Yorkshire looks set to get more devolution deals next year, according to Simon Clarke, minister for regional growth and local government. This could see the whole of Yorkshire soon having some form of devolution settlement.
Speaking at the Northern Powerhouse education, skills and employment summit this week, the minister said, “In the North of England, when the West Yorkshire mayoralty goes live next year, 63 per cent of people will live in a mayoral combined authority. We want to make this 100 per cent and have conversations underway with York and North Yorks, Cumbria and Hull and East Riding”.
Former deputy prime minister Lord Heseltine was less enthusiastic and felt that meaningful devolution had now stalled. Instead, he suggested there should be a peasants revolt in the regions with local people demanding their MPs support “meaningful” devolution. The sort of settlement enjoyed by Scotland or Wales requires scale. In what will be music to One Yorkshire’s ears, Lord Heseltine said, “I would give my eyes teeth to say I am the mayor of Yorkshire”. He may have to wait a few years for that one, and his Welsh heritage may debar him from such high office, but it’s a nice offer.
Devolution deals aside, this was a good opportunity to take the temperature of the region and assess what needs to be done to meet the aspirations of the levelling up agenda.
More articles by Jane Thomas:
- Masking the real problem for Boris Johnson
- Check Change Go (and the Farage Garage)
- God’s own county comes good
Lord Jim O’Neil vice-chair of the Northern Powerhouse Partnership set the context for the summit, with a reminder of how much the coronavirus crisis has brought to the fore the issues needed for success in the North. More attention and resources are desperately needed in education and skills if there is to be any genuine levelling up, something mentioned by a number of speakers during the day. A replacement for the catch up premium (support for low attainers in English and Maths at Year 7) is required, and greater support for further education colleges is essential, given their role in delivering the skills agenda.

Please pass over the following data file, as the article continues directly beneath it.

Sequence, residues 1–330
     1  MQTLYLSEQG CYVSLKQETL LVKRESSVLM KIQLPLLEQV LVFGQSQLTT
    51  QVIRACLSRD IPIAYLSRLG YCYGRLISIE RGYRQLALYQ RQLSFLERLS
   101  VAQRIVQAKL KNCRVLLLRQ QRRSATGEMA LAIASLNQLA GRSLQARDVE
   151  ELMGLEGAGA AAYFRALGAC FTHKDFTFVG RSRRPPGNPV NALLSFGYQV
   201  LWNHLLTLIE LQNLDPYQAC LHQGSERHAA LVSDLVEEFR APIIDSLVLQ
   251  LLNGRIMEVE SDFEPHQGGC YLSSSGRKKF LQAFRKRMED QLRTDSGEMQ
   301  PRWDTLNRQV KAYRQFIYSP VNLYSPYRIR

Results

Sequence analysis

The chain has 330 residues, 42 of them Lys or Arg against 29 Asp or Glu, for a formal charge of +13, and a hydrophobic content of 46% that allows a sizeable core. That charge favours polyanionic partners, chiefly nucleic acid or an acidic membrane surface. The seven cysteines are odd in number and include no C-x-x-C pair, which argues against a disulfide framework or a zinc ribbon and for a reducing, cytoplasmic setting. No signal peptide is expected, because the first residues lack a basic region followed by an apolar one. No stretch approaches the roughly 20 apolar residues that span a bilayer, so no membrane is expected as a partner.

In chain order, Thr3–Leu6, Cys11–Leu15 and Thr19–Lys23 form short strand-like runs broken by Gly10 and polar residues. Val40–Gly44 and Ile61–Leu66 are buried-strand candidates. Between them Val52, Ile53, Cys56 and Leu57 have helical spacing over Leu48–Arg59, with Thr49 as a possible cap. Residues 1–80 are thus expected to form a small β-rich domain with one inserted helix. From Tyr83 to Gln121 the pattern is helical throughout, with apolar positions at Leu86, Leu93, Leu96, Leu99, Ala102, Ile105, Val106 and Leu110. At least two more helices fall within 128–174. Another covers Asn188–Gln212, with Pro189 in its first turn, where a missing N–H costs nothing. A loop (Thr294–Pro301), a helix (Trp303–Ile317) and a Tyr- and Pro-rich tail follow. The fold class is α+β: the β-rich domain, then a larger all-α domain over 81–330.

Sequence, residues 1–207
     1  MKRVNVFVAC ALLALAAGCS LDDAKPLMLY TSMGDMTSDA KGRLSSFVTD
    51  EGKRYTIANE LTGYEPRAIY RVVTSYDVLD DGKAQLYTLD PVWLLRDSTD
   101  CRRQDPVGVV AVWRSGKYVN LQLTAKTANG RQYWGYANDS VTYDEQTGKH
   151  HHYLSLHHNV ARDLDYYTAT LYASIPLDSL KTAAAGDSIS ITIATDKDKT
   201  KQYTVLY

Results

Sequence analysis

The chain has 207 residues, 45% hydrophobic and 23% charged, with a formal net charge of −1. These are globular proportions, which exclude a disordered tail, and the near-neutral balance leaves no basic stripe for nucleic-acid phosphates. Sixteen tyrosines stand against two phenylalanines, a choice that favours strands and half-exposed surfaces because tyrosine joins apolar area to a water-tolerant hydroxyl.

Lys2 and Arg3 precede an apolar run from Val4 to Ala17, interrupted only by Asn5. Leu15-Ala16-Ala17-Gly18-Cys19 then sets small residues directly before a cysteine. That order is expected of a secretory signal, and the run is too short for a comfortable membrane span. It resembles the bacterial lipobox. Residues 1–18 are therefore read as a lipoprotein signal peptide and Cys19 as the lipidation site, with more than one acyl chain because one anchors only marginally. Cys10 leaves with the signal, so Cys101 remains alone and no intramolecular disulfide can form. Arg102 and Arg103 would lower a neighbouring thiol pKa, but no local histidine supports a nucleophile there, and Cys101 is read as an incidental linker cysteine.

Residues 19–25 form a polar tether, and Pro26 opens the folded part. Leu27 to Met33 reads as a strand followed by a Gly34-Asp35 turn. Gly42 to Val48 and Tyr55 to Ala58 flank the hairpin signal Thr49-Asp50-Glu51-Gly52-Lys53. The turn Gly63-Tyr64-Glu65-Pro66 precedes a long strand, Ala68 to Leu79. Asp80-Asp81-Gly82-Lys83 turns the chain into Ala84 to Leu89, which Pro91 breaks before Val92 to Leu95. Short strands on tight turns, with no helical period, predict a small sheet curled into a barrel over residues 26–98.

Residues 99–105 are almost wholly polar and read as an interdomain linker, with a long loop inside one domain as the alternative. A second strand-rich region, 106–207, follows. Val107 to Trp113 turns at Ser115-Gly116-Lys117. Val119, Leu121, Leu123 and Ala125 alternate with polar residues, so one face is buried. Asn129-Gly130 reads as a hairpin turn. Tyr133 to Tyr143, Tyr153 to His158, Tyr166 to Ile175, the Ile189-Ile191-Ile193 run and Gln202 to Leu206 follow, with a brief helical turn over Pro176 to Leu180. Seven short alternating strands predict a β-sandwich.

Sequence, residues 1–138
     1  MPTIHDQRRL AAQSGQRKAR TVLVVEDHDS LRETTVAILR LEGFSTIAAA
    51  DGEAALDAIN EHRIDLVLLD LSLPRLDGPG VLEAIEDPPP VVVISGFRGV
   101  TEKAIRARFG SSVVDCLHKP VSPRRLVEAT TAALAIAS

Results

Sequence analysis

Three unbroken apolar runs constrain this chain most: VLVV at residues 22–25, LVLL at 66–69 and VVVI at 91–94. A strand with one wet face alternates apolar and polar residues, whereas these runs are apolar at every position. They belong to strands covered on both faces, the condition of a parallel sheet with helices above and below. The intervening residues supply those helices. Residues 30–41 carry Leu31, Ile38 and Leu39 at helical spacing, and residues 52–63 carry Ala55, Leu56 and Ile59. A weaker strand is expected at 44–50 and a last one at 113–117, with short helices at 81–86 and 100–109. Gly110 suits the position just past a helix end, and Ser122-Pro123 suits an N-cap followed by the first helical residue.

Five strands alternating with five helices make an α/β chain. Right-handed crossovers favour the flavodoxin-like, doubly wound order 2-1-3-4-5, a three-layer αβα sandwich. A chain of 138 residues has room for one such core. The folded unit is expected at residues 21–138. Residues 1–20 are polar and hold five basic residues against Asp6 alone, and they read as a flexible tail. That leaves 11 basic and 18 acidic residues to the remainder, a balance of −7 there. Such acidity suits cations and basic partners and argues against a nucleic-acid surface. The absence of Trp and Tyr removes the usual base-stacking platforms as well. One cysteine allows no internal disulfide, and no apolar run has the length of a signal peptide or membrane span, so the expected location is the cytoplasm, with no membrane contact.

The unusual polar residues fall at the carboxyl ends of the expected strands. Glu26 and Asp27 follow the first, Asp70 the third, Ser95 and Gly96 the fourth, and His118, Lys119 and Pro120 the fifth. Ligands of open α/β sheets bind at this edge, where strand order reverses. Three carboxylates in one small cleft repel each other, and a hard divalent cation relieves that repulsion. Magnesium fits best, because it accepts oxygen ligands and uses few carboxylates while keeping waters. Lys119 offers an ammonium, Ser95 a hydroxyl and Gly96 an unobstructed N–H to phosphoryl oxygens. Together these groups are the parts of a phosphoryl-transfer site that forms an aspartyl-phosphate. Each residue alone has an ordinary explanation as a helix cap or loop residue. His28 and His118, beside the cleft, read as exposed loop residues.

So what were some of the take homes from this summit?
Councillor Judith Blake, leader of Leeds City Council, talked of the stimulus packages needed for jobs in key sectors, but also talked about addressing the issues of inequalities in left behind towns. Think for example of the much-needed inward investment for places like Keighley. But what struck home was her stark reminder of the prospect of a second spike of coronavirus at a time when local authorities may well be making redundancies and cutting services. Councils have played a huge part in supporting their communities, supporting the most vulnerable, keeping vital services running and operating local track and trace. But as reported recently, some councils face bankruptcy, with Leeds facing a potential shortfall of £66.6m.